Having a set of procedures written down and in place is only the very first small step down the road to a Total Quality organisation. The key to going further along this road, is to recognise that all procedures and processes can be continuously improved. The activity of continuous improvement requires the involvement of all staff, at whatever level in the organisation. In this activity nobody is exempt, least of all the Manager, who must lead by example [B-32].
Three key groups of people who need to be involved in the process; the suppliers, the R&D work group and the customer. The suppliers include those people who provide the physical materials required for the job, and those who supply the services, for instance, information services to R&D. The internal customers for work done in R&D are the business unit, marketing or manufacturing, who are also its most important suppliers, supplying the targets for its work. Additionally, they will often supply a testing and evaluation service or a resource where this work can be done. Therefore, the process used in discussions with suppliers and customers can be considered as a cyclical one, as shown in Fig B15.
The observation that the customer is directly involved with both the inputs and outputs of the R&D work group is a key one. From this observation, a significant im-
provement in the operation of R&D in the organisation can only be made with the direct involvement of the clients. The formation of joint problem solving teams is of paramount importance in this activity.
The process used for achieving continuous improvement involves the following steps:
1. Identify and define the problem area. Work closely with customers, usually for R&D, these are internal, e.g. marketing or production, but in the case of technical service they are more likely to be external, or "real customers" in the business use of the term.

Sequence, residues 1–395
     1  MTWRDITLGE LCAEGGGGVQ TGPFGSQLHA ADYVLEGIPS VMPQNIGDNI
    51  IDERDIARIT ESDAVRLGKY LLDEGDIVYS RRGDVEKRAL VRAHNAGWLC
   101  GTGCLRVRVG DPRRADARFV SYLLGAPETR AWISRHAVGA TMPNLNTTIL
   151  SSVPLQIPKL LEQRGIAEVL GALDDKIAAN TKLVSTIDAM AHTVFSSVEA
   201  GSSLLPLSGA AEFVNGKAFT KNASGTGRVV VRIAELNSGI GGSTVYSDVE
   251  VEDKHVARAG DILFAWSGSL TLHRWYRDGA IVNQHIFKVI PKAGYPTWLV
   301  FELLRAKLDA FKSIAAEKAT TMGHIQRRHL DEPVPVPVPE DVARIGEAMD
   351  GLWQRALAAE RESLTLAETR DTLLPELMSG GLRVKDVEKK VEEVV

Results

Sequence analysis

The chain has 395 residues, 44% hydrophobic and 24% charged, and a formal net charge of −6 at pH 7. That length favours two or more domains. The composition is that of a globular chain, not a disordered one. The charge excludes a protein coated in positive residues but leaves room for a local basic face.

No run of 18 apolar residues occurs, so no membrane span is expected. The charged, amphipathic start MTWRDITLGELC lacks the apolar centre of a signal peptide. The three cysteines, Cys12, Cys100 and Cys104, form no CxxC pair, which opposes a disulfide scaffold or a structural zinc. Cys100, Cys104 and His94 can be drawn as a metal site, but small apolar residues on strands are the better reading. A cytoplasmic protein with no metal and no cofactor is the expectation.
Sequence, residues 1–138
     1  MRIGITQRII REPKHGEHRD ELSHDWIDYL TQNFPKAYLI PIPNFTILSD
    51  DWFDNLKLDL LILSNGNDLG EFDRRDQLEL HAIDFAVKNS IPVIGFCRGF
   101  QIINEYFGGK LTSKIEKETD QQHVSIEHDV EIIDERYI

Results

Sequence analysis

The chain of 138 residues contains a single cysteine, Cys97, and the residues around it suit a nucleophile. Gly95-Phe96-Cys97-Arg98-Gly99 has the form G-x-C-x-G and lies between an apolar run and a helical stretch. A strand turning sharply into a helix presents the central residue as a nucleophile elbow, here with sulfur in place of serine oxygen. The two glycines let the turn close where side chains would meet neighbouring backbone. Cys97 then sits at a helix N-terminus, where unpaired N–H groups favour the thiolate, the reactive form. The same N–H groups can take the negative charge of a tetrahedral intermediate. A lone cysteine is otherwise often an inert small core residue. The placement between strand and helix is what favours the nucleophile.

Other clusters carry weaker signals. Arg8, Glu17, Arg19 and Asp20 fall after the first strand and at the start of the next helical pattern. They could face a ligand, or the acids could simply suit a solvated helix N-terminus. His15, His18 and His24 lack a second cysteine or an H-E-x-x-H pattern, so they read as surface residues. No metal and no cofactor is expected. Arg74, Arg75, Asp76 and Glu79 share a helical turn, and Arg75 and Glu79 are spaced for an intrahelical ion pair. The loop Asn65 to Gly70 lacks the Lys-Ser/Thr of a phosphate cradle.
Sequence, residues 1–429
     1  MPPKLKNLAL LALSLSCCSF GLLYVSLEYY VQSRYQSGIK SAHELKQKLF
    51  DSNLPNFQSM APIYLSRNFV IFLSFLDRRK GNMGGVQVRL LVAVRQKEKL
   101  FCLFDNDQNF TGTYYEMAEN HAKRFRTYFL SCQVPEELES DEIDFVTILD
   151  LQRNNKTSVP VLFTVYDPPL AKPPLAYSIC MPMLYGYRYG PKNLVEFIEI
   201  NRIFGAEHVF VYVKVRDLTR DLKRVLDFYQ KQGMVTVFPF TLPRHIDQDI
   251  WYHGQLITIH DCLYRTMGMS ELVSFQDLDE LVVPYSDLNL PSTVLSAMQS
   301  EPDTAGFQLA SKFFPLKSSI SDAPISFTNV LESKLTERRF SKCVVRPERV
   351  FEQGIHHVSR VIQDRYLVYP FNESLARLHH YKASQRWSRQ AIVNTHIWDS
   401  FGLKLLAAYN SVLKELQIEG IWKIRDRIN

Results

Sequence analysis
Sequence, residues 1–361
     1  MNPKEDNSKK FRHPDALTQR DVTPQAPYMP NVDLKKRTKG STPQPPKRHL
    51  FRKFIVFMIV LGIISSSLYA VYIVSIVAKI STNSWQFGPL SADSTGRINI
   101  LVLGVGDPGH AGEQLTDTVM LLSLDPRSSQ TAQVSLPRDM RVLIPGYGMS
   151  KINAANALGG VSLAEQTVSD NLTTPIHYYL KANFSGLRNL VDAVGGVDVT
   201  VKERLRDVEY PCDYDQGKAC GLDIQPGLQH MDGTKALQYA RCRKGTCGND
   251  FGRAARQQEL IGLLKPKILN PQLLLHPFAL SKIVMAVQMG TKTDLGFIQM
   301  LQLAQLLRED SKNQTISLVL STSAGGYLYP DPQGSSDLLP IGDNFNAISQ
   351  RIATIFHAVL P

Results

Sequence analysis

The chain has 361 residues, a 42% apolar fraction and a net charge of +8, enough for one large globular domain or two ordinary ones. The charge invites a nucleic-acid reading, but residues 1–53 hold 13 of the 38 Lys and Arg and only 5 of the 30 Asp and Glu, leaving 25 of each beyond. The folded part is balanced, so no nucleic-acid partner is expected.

2. Measure the performance. It should be obvious, to a person trained in the methodology of R&D, that there is a need to be able to measure and monitor activities, in order to be able to improve performance.
3. Develop an improved procedure. Select, either in consultation or jointly with the customer, an agreed new procedure from a list of alternatives drawn up by the Manager and the work group.
4. Implement the procedure and re-measure the performance. A figure, to be used as a measure of improvement in the performance, sufficient to justify the change in the procedure, should be agreed with the customer.
This methodology, known as the continuous improvement cycle, is shown schematically in Figure B16.
134 | 3 A Financially Sound, Healthy, Safe and Quality Environment 3.4.3
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What you need to know about… Project Management Made Easy! Project management consists of more than just a large building project and can encompass small projects as well. No matter what the size of your project, you need to have some sort of project management. How you manage your project has everything to do with its outcome.